In the long-term management of patients taking PPIs, the initial indication for prescription always needs review. Persistent symptoms may require further investigation.
Gastro-oesophageal reflux disease
Gastro-oesophageal reflux disease is probably the most frequent indication for prescribing PPIs. For patients with symptoms typical of gastro-oesophageal reflux disease, a therapeutic trial of PPIs can be started as a first step. If symptoms are relieved, this serves to support the diagnosis. After diagnosis, most of the controversy about the management of gastro-oesophageal reflux disease has been about pharmacological therapy. Should treatment be stepped up from the least potent towards the most potent therapy or stepped down from most towards least potent, with the end point being symptom control? This will be guided by the symptoms and, if indicated, endoscopy.
Whether the goal of therapy is symptomatic relief or reduction of adenocarcinoma risk, patients should be informed of the importance of risk factors for symptom generation and adenocarcinoma development. Obesity, smoking, alcohol and fatty foods all exacerbate gastro-oesophageal reflux disease and are risk factors for oesophageal carcinoma.2 While the absolute risk of adenocarcinoma is small, overweight people and obese people have about 1.5 and 4 times the risk of individuals with normal weight. Once lifestyle is addressed, the key questions determining the appropriate use of PPIs are:
- What is the natural history of gastro-oesophageal reflux disease?
- Does long-term treatment reduce complications?
Long-term studies of patients with dyspepsia and gastro-oesophageal reflux disease show that many patients' symptoms resolve and they stop treatment. While PPIs provide more effective symptom control than histamine (H2) receptor antagonists there are also overwhelming long-term data that a substantial proportion of patients can control their symptoms with lifestyle interventions, antacids, H2receptor antagonists or PPIs taken when required.
PPIs should be prescribed regularly when there is a history of oesophageal stricture as, unlike H2receptor antagonists, they reduce stricture recurrence. The elderly also require regular therapy as they are more likely to have severe oesophagitis despite milder non-specific symptoms.3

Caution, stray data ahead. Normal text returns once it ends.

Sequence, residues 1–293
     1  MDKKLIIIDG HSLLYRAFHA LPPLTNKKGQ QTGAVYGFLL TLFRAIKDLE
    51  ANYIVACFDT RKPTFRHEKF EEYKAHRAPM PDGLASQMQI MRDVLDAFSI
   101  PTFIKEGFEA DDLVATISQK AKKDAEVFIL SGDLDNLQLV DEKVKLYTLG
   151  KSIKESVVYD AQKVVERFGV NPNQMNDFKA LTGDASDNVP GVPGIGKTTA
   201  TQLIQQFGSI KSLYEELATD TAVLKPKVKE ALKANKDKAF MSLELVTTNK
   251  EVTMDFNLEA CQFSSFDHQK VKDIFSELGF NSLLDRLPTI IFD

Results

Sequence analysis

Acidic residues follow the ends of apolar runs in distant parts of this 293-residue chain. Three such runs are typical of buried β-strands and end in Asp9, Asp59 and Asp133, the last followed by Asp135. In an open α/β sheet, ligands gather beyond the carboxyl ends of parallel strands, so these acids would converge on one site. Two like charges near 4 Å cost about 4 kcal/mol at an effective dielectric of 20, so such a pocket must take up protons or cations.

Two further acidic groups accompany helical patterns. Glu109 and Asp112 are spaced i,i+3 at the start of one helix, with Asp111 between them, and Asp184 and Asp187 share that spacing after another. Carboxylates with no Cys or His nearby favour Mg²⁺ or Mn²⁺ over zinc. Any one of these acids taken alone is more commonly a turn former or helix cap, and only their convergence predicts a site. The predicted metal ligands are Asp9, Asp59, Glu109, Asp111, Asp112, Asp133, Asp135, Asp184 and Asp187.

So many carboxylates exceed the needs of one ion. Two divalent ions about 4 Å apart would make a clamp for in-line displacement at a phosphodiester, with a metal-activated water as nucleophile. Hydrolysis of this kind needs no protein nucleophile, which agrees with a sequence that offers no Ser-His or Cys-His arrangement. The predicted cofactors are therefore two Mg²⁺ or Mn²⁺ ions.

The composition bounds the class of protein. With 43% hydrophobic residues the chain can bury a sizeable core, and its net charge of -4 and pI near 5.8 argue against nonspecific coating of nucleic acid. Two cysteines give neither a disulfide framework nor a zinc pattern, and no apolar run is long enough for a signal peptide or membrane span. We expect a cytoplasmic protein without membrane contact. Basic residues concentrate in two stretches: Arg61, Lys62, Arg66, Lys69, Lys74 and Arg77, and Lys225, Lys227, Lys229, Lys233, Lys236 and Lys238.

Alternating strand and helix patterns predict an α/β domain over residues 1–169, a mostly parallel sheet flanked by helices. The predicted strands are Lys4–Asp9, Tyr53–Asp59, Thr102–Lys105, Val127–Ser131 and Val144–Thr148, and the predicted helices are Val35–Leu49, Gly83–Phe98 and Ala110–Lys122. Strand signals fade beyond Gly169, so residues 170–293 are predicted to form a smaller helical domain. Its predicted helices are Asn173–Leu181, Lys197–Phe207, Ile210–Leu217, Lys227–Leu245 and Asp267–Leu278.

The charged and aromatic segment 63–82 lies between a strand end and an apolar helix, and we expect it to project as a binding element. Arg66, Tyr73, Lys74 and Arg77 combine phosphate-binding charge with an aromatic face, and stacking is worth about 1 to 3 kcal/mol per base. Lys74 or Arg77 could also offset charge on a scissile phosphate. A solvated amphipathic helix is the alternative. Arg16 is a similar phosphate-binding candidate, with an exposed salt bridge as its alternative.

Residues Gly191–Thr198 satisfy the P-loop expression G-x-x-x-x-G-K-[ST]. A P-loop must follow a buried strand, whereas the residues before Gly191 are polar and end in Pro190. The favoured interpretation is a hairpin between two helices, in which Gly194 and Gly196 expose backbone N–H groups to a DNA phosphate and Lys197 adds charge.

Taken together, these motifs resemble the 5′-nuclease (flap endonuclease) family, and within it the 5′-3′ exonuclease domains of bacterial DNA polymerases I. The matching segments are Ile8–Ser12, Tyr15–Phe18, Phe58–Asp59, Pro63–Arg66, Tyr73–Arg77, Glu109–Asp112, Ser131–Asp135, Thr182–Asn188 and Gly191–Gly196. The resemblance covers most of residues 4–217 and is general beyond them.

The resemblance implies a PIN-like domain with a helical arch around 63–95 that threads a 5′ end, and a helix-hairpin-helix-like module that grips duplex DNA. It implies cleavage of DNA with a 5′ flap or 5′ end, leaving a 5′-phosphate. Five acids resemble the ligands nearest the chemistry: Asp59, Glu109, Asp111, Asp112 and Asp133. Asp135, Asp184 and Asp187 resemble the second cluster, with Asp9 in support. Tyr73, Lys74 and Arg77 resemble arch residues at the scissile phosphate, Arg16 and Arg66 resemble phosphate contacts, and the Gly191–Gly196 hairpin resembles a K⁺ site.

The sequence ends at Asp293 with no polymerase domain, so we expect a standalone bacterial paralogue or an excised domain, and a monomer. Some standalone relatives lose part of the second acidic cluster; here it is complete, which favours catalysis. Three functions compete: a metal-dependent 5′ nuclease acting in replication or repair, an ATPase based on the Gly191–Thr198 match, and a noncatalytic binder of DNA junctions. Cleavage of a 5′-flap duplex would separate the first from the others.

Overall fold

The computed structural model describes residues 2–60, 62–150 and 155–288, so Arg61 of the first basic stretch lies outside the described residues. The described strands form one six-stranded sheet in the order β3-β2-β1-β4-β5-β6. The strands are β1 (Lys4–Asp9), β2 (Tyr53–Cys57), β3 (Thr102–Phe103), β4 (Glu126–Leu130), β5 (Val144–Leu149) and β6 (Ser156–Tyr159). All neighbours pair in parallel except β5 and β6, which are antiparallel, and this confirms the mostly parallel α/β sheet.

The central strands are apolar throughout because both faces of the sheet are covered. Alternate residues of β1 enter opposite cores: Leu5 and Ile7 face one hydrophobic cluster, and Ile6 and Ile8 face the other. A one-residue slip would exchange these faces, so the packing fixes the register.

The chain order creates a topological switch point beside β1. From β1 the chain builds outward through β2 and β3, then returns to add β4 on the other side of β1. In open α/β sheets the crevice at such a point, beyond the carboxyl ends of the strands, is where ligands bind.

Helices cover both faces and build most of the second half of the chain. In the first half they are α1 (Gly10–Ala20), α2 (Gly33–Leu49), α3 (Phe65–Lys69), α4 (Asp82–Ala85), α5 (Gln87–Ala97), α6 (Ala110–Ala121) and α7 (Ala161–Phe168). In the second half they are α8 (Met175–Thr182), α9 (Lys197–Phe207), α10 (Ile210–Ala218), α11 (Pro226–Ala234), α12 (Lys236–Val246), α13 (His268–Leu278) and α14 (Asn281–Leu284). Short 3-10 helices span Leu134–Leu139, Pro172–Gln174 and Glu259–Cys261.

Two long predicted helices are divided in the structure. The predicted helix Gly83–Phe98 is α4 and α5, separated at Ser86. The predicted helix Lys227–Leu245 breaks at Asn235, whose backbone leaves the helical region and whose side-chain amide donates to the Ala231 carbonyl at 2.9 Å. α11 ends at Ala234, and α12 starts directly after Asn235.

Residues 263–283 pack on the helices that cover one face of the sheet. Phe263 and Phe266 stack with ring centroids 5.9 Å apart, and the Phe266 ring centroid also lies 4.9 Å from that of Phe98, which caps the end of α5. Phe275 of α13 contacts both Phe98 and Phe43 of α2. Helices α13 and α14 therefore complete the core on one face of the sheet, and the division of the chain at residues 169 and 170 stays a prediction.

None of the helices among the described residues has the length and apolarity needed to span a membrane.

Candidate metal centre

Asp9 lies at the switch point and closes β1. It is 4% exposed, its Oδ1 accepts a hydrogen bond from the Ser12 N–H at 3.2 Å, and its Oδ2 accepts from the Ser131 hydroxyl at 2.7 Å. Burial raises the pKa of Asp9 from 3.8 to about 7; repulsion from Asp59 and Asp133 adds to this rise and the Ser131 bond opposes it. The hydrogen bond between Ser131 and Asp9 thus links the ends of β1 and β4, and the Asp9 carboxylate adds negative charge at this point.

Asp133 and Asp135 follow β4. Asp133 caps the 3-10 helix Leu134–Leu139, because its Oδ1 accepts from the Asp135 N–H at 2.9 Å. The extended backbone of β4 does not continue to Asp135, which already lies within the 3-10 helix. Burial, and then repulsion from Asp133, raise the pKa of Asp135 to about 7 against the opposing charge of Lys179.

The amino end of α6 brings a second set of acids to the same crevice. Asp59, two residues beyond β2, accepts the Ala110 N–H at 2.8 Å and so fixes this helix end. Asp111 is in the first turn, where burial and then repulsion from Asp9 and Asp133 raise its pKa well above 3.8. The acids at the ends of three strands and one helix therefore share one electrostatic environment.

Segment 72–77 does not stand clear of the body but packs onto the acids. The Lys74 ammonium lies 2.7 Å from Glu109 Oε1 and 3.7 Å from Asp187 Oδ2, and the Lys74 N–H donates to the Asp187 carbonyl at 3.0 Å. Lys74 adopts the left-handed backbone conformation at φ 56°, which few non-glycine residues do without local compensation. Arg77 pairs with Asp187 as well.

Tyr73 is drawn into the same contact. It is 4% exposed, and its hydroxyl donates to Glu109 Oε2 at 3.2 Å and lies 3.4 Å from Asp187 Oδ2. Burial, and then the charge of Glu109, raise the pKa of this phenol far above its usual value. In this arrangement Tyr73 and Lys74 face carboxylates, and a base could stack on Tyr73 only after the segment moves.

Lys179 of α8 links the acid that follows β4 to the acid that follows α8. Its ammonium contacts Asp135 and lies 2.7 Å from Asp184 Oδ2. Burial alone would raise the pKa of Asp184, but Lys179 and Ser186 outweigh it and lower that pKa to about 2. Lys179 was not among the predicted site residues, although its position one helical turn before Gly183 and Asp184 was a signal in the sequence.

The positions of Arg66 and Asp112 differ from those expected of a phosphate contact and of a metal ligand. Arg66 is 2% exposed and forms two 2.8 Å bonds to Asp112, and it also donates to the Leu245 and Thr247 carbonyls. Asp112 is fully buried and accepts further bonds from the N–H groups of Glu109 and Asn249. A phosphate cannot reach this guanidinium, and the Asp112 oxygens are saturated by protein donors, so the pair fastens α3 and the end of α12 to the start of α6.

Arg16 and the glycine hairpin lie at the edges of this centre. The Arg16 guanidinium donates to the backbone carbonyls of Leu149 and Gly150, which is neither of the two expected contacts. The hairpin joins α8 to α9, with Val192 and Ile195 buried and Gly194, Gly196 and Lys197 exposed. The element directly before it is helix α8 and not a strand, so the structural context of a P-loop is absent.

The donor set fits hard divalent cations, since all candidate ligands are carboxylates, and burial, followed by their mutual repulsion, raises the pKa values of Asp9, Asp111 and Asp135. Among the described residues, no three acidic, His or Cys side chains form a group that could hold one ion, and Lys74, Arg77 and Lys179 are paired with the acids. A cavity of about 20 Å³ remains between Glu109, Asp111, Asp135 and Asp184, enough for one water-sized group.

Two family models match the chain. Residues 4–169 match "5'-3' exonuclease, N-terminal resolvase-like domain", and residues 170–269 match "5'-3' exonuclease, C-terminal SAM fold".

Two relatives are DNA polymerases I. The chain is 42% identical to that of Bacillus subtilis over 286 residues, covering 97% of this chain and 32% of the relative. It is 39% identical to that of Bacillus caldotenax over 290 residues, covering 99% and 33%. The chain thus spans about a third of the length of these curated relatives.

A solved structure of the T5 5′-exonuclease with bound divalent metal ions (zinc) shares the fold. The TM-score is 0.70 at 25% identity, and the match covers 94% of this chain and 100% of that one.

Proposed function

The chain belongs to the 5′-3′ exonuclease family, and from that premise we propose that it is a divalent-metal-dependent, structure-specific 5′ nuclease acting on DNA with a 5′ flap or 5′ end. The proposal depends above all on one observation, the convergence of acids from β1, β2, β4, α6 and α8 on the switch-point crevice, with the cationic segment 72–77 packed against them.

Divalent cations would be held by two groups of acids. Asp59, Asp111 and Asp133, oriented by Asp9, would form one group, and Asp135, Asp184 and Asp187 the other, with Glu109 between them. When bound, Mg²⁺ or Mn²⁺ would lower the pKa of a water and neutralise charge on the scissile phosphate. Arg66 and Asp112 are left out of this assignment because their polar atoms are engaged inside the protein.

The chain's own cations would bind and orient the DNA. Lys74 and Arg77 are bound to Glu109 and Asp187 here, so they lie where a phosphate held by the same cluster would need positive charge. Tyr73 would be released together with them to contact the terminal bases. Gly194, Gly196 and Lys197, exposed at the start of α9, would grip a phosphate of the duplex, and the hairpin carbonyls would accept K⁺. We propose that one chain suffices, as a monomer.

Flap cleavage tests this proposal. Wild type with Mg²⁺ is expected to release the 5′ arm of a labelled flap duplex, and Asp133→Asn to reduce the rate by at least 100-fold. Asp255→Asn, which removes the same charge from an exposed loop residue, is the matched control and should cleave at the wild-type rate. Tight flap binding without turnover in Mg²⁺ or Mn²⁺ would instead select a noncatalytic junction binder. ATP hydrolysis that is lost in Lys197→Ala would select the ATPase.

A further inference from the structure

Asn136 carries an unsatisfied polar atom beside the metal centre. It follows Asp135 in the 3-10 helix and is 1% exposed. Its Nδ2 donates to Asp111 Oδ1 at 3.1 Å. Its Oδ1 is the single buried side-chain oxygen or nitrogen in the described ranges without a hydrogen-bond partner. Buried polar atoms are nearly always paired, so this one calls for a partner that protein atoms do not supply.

Long-term PPI therapy is currently recommended for all patients with Barrett's oesophagus although treatment is yet to be shown to reduce the risk of adenocarcinoma. A large randomised trial is investigating if a combination of low-dose aspirin and a PPI may reduce the development of adenocarcinoma in patients with Barrett's oesophagus.4
Gastric and duodenal ulcer disease
In patients who are not taking non-steroidal anti-inflammatory drugs (NSAIDs) and aspirin, H. pylori is a key cause of peptic ulcer disease. Its eradication effects a cure. Everyone with a documented history of peptic ulcer disease and evidence of H. pylori infection should therefore be offered eradication therapy rather than be subjected to long-term PPI therapy. PPIs do have some antibacterial activity against H. pylori, but must be used in combination with antibiotics to achieve eradication. This simple and effective strategy is under utilised.
Patients taking long-term NSAIDs who also have H. pylori infection have a six-fold increase in the risk of ulcer bleeding, in contrast to a risk of less than two-fold for patients with H. pylori infection alone and almost five-fold for patients on NSAIDs with no H. pylori infection. The approach to primary prevention of ulcer disease in patients taking long-term NSAID and antiplatelet therapy will depend on clinical circumstances. Serious NSAID-induced gastrointestinal complications occur in about 1.5% of patients per year. This risk increases with the type of NSAID and dosage, concurrent warfarin or antiplatelet therapy, age and a past history of ulcer disease. Patients requiring NSAIDs, aspirin or clopidogrel, who are at increased risk of peptic ulcer complications should be considered for concurrent treatment with a PPI.5
PPIs may be indicated in the prevention of stress-related mucosal injury in the critically ill. The long-term impact of PPIs on symptoms and quality of life in patients with functional dyspepsia is debatable. Empirical use of PPIs is not indicated in patients taking corticosteroids.
Zollinger-Ellison syndrome is a rare condition characterised by severe peptic ulceration resulting from the release of gastrin by a pancreatic tumour. High doses of PPIs may be needed.